Thursday, March 12, 2015


The future of a boy is in question.   The fate of a priest is under scrutiny.  The certainty of an accusing nun is startlingly evident.  All of these are judge and jury in New Haven Theater Company's current offering, John Patrick Shanley's involving drama "Doubt" playing Thursday to Saturday this week at their new home, the English Building Markets.

What is not in doubt is the sincerity and enthusiasm of the New Haven Theater Company.

Through many iterations of this plucky group since it was founded in the 1990's by T. Paul Lowry, the NHTC has changed and modified itself to accommodate its members.  Now fifteen members strong and numbering entrepreneurs (at least two), an arts administrator, a lawyer, a retired reading teacher, a scientist, marketing managers, a current teacher and a former professional actor, the present version has strengthened and solidified its structure over the last six years.

Once T. Paul Lowry left New Haven for Chicago, the initial group was forced to reinvent itself.  According to Peter Chenot, one of those original members, by 2009 "we have assembled a team that has stayed intact.  It's a labor of love.  The people involved in NHTC respect and love each other a lot.  They bring their own life experiences to the process."  Peter has just accepted a new position with Westport Country Playhouse and he and his wife Megan are intimately involved with the day-to-day functionings of the group.

Everyone by necessity wears a variety of hats, like the director of "Doubt" George Kulp and his star nun, Margaret Mann as Sister Aloysius, who found themselves painting the floor of the stage on Tuesday night, preparing it for the debut performance last Thursday.

While NHTC has a history of being a site-specific theater, moving the performances to a space that fits with the play's action, like office and real estate buildings and banks, it is delighted to have a new place to call home.  Thanks to the generosity of Carol and Robert Orr, the English Building Markets at 839 Chapel Street, New Haven is its intimate location.  It's not often you can walk through a cluttered consignment shoppe, past china, furniture, artwork and jewelry, past racks of vintage clothing and shoes and discover a small forty seat theater in the back. A bonus is you get to window shop before and after the show and maybe take home a new bauble or bead.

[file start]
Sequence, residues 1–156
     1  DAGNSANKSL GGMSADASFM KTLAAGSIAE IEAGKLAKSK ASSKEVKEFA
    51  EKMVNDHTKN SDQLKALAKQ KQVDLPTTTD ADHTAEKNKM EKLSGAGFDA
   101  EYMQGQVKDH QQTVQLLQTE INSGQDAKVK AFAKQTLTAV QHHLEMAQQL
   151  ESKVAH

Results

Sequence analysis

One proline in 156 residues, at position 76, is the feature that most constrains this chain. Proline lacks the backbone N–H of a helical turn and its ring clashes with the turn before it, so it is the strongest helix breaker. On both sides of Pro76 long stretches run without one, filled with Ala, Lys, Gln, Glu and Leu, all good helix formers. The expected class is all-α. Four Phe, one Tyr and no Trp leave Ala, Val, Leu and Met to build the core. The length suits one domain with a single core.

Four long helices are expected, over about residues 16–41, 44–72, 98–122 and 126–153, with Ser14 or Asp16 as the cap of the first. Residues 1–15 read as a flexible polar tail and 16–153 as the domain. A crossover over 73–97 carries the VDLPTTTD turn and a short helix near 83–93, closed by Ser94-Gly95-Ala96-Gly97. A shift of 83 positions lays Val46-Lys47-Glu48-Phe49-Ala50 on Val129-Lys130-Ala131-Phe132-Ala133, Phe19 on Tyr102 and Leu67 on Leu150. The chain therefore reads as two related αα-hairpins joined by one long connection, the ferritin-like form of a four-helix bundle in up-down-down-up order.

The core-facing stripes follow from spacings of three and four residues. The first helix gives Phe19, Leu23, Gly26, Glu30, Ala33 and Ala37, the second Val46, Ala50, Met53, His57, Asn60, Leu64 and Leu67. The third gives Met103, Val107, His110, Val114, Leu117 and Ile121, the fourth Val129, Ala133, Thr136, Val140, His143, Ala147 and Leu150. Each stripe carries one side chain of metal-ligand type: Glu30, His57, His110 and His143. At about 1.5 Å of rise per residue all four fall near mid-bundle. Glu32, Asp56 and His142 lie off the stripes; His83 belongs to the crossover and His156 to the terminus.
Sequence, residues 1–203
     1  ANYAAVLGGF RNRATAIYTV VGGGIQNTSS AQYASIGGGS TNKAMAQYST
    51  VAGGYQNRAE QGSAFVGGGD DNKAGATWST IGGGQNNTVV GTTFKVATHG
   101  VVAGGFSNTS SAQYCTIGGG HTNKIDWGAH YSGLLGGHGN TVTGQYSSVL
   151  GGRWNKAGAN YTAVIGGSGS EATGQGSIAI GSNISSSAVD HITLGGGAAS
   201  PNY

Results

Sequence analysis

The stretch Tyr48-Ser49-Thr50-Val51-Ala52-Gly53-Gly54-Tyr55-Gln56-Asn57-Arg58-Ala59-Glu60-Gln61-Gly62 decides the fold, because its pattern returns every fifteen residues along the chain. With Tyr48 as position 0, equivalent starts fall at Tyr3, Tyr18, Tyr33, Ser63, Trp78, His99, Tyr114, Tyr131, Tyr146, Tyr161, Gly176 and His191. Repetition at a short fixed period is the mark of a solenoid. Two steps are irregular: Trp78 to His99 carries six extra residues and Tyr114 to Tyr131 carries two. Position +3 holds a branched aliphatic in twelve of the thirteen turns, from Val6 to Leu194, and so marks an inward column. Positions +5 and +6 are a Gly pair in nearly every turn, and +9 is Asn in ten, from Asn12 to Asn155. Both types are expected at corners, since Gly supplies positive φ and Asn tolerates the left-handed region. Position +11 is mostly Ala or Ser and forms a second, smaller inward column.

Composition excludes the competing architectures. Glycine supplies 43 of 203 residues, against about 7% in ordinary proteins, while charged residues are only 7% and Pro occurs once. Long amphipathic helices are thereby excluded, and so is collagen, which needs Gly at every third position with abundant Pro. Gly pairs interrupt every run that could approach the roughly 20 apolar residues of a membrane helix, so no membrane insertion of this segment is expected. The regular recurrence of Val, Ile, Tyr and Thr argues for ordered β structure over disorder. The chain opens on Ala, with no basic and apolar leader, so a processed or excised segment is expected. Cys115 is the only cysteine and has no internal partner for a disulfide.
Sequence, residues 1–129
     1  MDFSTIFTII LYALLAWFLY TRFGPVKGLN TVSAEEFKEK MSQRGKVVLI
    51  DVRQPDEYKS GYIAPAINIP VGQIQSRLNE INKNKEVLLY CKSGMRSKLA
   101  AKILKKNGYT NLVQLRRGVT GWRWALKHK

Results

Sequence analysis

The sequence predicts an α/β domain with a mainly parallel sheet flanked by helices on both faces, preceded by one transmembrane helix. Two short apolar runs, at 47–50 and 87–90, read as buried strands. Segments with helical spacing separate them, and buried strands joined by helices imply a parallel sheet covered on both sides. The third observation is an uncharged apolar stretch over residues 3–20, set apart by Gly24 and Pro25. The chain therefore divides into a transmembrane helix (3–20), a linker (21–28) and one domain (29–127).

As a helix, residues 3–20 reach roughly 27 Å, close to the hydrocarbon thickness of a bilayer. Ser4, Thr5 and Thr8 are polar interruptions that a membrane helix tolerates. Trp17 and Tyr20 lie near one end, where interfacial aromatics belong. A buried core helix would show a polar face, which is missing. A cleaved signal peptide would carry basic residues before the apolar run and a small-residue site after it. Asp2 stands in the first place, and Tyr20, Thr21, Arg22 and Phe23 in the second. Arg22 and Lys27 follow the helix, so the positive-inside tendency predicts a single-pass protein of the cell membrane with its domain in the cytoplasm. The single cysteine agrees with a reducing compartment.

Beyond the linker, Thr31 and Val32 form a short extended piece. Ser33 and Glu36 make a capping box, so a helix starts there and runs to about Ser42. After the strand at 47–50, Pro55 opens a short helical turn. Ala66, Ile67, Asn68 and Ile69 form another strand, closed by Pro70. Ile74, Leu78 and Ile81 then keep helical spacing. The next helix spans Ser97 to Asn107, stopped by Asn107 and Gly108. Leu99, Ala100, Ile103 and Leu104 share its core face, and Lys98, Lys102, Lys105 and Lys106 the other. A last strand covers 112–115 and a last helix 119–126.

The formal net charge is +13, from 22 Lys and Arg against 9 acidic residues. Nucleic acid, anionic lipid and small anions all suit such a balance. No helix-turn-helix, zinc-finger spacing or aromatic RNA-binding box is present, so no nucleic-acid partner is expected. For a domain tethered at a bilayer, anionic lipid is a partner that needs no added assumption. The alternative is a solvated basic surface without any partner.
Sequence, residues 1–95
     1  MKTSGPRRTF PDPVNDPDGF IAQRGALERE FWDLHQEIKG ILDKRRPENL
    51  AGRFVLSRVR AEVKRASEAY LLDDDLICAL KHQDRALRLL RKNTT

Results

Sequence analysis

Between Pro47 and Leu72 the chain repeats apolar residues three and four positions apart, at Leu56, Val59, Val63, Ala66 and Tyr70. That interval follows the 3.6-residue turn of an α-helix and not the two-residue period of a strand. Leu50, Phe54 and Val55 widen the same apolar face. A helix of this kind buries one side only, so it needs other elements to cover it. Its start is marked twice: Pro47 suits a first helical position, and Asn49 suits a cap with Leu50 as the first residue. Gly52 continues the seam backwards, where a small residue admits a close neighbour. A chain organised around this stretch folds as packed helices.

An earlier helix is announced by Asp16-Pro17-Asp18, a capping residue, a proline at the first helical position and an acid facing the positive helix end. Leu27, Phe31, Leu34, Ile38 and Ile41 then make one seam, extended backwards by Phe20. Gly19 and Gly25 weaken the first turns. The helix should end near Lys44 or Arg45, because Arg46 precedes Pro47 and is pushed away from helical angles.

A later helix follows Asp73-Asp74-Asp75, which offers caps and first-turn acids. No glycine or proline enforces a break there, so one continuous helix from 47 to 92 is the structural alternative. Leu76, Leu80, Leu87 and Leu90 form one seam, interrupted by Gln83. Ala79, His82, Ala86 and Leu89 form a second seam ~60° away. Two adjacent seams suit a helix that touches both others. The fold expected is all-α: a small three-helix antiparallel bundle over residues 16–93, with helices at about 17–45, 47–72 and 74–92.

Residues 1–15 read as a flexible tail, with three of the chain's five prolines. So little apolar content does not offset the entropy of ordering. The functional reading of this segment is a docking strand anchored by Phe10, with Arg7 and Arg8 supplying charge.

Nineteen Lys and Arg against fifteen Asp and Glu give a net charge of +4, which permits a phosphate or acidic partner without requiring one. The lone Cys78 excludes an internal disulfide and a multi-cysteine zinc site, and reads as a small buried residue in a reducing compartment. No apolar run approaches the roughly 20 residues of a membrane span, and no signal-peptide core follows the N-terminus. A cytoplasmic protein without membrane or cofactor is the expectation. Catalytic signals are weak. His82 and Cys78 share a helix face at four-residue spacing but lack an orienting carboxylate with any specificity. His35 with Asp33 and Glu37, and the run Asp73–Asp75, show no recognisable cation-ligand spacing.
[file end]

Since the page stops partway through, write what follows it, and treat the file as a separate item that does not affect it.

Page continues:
One of the most amazing facts about NHTC, according to Steve Scarpa, whose day job is as Director of Marketing and Communications at Long Wharf Theatre, is "there are no egos here.  We are 15 equals from all walks of life and we work together with great trust. We get to try all avenues of theater life, like designing and writing.  We really engage with the show we are doing to create the perfect format for what we want to do."

With "Doubt," the suggestion to do it was made by Steve and put forth for a group discussion, with ways to approach it discussed and by democratic process it was voted to do it.  The fact that Scarpa was an altar boy in his youth and was now going to play Father Flynn was just an added bonus.  "Doubt" focuses on Father Flynn and whether or not he is guilty of an inappropriate relationship with Donald Muller, a 12 year old, the first African- American boy who has ever been admitted to St. Nicholas School.  The time is 1964.

Margaret Mann's Sister Aloysius is stern, pious and unbending as the principal whom all the students fear. She cautions the naive and eager-to-please Sister James, a sweet and innocent Mallory Pellegrino, that she needs more starch in her spine.  She urges Sister James to spy on Father Flynn and confirm her convictions.  As she states unequivocally, "I will bring him down."  Her vigilance is her guardian.  After all, Father Flynn writes with a ball point pen, has long finger nails, takes three sugars in his tea and likes Frosty the Snowman.  These are all evidence of his guilt.  She even seeks the counsel of Donald's mother, a concerned and caring Aleta Staton, to stand with her in her judgmental accusations.

As  for whether or not Father Flynn is guilty or innocent, the playwright leaves the question open for personal interpretation.  Early on in the rehearsal process, director George Kulp met with his Father Flynn, Steve Scarpa, and they discussed "how to approach his part and what it was about."  They refused, however, to discuss it with me.  If you see "Doubt," you'll have to decide on your own.

Next up in May is a new play "The Cult" by the company's resident playwright Drew Gray.  He describes it as "a comedy about a young man with a regular office job who happens to run a cult in his off hours.  It's humane, unique and funny."  Other members of NHTC include Donna Glen, Erich Greene (stage manager for "Doubt"), Ally Kaechele (board operator for "Doubt"), Deena Nicol, Christian Shaboo, J. Kevin Smith and John Watson.

In the final tally, what has never been in doubt, clearly, is the fact that NHTC's goal is to put on a really good show and earn enough money to pay the produce excellent theater for theater's sake and to have fun in the process. 

New Haven Theater Company
839 Chapel Street
New Haven, CT   $20

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